React & Flux Tutorial: Organizing Your Redux Application

Published Jan 20, 2016Last updated Jan 18, 2017
React & Flux Tutorial: Organizing Your Redux Application

In this short piece, I want to show you an unconventional, yet surprisingly productive way to organize React/Redux (and other Flux) projects. For those who won't be able to read until the end, you can find an implementation of this approach in my React/Redux stack, Reactuate.

Many React/Redux applications adopt the following directory layout (or a variation of it):

src/
  actions/
    UserActions.js
    FooActions.js
  constants/
    UserConstants.js
    FooConstants.js
  reducers/
    UserReducers.js
    FooReducers.js
  components/
    Login.js
    Dashboard.js

Whether it is done by following other examples, or common sense, I am not sure. But I find this layout to be very counter-productive. Navigating through my applications was a nightmare (tons of imports, cross-referencing constants, etc.), all while trying to stay focused on the task at hand.

The above layout is only marginally better than organizing directories or packages by entity types. Consider doing this in Java:

com.foo.bar.
  classes
  interfaces
  singletons
  factories

Does this make a lot of sense to you? Does this tell you anything about what the application does, or how to filter out resources related to the domain you're working on? (Actually, Rails sort of made this mistake by exposing app/{models,controllers,views}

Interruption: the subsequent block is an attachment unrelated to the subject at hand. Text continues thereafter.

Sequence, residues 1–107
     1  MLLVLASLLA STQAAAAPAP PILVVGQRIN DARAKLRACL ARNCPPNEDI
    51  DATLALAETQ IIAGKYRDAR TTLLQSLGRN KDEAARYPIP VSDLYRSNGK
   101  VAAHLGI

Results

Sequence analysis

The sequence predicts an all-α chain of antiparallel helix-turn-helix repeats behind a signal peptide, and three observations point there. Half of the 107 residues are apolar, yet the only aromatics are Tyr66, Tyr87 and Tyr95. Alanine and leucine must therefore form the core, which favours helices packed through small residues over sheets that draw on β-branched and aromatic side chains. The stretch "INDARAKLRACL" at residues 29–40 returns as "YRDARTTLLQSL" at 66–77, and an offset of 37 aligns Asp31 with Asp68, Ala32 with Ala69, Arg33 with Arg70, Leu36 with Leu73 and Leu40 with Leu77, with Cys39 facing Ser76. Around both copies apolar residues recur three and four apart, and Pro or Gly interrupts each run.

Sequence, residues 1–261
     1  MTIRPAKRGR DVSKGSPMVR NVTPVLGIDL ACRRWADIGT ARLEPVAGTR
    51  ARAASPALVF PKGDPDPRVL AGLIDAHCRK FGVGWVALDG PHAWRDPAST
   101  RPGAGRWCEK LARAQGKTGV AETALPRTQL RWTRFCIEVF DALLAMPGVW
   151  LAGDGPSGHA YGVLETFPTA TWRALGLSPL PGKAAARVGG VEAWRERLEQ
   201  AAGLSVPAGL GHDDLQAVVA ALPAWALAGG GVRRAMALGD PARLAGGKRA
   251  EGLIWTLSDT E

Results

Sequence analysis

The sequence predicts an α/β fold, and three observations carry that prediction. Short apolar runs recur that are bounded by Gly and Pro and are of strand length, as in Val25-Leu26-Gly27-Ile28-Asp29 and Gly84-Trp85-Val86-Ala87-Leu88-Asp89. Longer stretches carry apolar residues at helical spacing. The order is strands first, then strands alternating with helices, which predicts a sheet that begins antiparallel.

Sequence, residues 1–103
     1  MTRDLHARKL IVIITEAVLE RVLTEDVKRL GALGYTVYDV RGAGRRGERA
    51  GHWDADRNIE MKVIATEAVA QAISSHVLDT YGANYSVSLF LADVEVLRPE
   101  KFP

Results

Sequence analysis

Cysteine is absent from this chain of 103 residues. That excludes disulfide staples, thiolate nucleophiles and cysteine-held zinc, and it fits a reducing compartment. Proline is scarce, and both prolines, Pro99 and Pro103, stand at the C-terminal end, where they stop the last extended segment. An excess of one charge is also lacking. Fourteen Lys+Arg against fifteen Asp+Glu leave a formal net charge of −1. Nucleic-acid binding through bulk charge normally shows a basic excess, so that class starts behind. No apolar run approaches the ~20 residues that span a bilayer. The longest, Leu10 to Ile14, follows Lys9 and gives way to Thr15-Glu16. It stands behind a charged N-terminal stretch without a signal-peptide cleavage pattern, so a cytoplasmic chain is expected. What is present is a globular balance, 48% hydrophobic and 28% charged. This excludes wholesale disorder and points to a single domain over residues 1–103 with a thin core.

I propose organizing Redux applications by business domains. Something like this:

src/
  user/
    index.js
  orders/
    index.js
  messages/
    index.js

This way, while working on one domain, you don't need to jump across the hierarchy of a project too much, and you can easily rename the whole domain without having to rename 4-5 files!

The thought of business domains led me to another realization. What if we try to use some pieces of DDD (Domain Driven Design) to validate the data types across states and actions?

Imagine having a state defined like this:

const State = t.struct({
  currentUser: t.maybe(User)
}, 'UserState')

You can do this with tcomb!

And having an action creator defined similarly:

const doSomething = t.struct({
  type: t.refinement(t.String, (s) => s == "doSomething", "action")
  payload: t.Integer
}, "doSomething")

Now, in your reducer, you can actually use the matching capability in your reducer!

t.match(action,
  doSomething, (action) => { ... })

Notice how we got rid of the tedious constant definition/import step?

Now, there are of course some issues associated with using tcomb. For example, tcomb values are not plain objects, so Redux refuses to accept them. But this can be quite easily solved by developing a Redux middleware function.

I've recently spent some time working on a React/Redux stack that addresses this and other issues. It's called Reactuate. Most importantly, unlike other "React boilerplate" solutions, Reactuate is a library and you don't need to clone & follow it to be able to incorporate latest changes. It's still quite rough on the edges, being a few days old, but I invite you to try it out. Check it out!

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